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Smoking Poems

A Winter Evening Hymn To My Fire.
Nicotia, dearer to the Muse Than all the grape's bewil...

My Meerschaum Pipe.
Old meerschaum pipe, I'll fondly wipe Thy scarred an...

A Farewell To Tobacco.
May the Babylonish curse Straight confound my stammeri...

Ad Nicotina.
"_A CONSTRAINED HYPERBOLE._" Let others sing the prais...

Ode To Tobacco.
Thou, who when fears attack Bidst them avaunt, and Bla...

Smoke Is The Food Of Lovers.
When Cupid open'd shop, the trade he chose Was just th...

Old Pipe Of Mine.
Companion of my lonely hours, Full many a time 'twix...

An Old Sweetheart Of Mine.
As one who cons at evening o'er an album all alone, An...

In Favor Of Tobacco.
Much victuals serves for gluttony To fatten men like s...

The Smoker's Reverie.
(_OCTOBER._) I'm sitting at dusk 'neath the old beeche...

Geordie To His Tobacco-pipe.
Good pipe, old friend, old black and colored friend, W...

A Song Without A Name.
AIR: "_THE VICAR OF BRAY_." 'Twas in Queen Bess's gold...

Latakia.
I. When all the panes are hung with frost, Wild wiz...

The Scent Of A Good Cigar.
What is it comes through the deepening dusk,-- Somethi...

Two Other Hearts.
Full tender beamed the light of love down from his manl...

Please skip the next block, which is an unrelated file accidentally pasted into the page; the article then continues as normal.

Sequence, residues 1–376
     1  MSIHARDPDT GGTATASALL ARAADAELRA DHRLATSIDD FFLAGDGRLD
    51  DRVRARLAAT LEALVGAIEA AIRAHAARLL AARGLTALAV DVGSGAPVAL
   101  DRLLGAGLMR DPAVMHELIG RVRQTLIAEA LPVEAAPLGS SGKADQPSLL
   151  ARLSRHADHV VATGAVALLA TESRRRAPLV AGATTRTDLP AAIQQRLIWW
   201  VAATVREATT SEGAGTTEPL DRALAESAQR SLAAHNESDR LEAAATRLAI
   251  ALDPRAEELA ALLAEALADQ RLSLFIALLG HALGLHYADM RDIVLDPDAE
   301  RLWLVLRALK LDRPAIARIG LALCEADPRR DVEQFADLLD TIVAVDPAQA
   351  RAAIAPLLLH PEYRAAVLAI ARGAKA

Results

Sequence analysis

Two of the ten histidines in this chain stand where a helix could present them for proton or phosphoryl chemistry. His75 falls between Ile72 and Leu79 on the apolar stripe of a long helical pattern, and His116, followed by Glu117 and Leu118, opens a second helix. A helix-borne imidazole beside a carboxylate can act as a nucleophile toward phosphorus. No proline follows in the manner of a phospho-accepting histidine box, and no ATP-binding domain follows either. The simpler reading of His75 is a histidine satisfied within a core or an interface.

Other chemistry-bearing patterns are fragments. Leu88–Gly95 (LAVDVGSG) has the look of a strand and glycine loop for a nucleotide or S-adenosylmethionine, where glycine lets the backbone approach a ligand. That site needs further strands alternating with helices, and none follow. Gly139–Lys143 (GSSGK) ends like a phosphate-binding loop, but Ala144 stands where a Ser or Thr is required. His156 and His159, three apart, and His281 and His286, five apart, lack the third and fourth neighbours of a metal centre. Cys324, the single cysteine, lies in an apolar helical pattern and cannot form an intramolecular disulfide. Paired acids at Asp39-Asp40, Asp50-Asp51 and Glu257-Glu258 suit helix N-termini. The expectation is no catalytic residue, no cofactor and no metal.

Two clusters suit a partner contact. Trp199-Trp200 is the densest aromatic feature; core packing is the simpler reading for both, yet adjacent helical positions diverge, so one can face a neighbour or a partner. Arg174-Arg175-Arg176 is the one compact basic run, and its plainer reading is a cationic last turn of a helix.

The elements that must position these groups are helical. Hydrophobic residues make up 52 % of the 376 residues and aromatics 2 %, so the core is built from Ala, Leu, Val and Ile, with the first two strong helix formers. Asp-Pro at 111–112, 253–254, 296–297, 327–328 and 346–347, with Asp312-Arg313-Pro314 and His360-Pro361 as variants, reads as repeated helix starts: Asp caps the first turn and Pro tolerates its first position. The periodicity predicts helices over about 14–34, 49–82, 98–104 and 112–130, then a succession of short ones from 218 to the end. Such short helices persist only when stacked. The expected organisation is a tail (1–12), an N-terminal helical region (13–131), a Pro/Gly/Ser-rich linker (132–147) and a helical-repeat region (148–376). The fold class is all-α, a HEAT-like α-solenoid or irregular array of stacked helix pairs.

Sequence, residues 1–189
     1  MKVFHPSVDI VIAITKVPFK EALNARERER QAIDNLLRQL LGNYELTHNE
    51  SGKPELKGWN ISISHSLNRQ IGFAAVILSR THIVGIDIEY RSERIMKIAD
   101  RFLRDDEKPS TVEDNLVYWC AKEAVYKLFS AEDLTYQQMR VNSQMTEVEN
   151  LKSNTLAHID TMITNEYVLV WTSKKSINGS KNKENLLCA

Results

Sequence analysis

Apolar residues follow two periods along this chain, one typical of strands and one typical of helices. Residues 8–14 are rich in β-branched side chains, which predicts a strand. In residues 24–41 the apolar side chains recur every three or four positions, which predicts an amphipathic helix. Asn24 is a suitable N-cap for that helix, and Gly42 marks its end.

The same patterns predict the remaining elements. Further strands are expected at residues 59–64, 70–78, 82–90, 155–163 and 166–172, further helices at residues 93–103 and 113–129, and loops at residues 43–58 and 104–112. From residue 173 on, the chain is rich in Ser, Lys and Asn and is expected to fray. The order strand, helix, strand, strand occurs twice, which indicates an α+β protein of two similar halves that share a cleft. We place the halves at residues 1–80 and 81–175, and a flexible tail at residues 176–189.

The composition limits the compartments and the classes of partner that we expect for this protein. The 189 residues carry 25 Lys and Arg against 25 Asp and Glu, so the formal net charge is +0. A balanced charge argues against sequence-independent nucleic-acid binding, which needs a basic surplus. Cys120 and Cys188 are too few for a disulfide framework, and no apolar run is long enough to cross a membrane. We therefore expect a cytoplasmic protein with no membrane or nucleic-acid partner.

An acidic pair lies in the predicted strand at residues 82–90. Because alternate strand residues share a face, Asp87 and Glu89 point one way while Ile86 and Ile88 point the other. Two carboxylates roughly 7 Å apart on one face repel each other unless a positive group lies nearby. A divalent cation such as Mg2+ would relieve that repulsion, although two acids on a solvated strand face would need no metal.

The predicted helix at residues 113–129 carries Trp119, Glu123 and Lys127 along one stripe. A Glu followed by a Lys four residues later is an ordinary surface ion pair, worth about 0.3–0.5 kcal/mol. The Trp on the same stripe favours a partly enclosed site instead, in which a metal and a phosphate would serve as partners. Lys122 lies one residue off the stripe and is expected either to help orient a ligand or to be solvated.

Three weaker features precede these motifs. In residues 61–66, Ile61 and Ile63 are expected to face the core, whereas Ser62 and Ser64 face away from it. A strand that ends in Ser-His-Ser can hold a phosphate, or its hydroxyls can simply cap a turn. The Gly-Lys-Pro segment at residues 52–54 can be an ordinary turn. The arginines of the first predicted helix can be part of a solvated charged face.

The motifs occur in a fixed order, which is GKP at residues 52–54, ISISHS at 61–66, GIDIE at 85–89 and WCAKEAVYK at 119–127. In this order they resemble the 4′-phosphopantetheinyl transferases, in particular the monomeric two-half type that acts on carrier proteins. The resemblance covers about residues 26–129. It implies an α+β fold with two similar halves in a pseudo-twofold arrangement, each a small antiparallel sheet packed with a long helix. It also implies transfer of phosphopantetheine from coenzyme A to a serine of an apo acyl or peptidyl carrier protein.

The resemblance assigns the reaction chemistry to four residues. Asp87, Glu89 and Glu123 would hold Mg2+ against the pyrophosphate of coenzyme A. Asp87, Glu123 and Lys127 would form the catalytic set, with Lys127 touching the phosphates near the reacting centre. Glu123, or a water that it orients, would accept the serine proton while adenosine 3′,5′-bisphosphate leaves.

The Smoke Traveller.
When I puff my cigarette, Straight I see a Spanish g...

The Duet.
I was smoking a cigarette; Maud, my wife, and the te...

The Last Pipe.
When head is sick and brain doth swim, And heavy hangs...

Too Great A Sacrifice.
The maid, as by the papers doth appear, Whom fifty tho...

The Ballad Of The Pipe.
Oh, give me but Virginia's weed, An earthen bowl, a st...



THE DUET.








I was smoking a cigarette;
Maud, my wife, and the tenor, McKey,
Were singing together a blithe duet,
And days it were better I should forget
Came suddenly back to me,--
Days when life seemed a gay masque ball,
And to love and be loved was the sum of it all.

As they sang together, the whole scene fled,
The room's rich hangings, the sweet home air,
Stately Maud, with her proud blond head,
And I seemed to see in her place instead
A wealth of blue-black hair,
And a face, ah! your face--yours, Lisette;
A face it were wiser I should forget.

We were back--well, no matter when or where;
But you remember, I know, Lisette.
I saw you, dainty and debonair,
With the very same look that you used to wear
In the days I should forget.
And your lips, as red as the vintage we quaffed,
Were pearl-edged bumpers of wine when you laughed.

Two small slippers with big rosettes
Peeped out under your kilt-skirt there,
While we sat smoking our cigarettes
(Oh, I shall be dust when my heart forgets!)
And singing that self-same air:
And between the verses, for interlude,
I kissed your throat and your shoulders nude.

You were so full of a subtle fire,
You were so warm and so sweet, Lisette;
You were everything men admire;
And there were no fetters to make us tire,
For you were--a pretty grisette.
But you loved as only such natures can,
With a love that makes heaven or hell for a man.

They have ceased singing that old duet,
Stately Maud and the tenor, McKey.
"You are burning your coat with your cigarette,
And _qu'avez vous_, dearest, your lids are wet,"
Maud says, as she leans o'er me.
And I smile, and lie to her, husband-wise,
"Oh, it is nothing but smoke in my eyes."

ELLA WHEELER WILCOX.





Next: MY CIGARETTE.

Previous: IN ROTTEN ROW.



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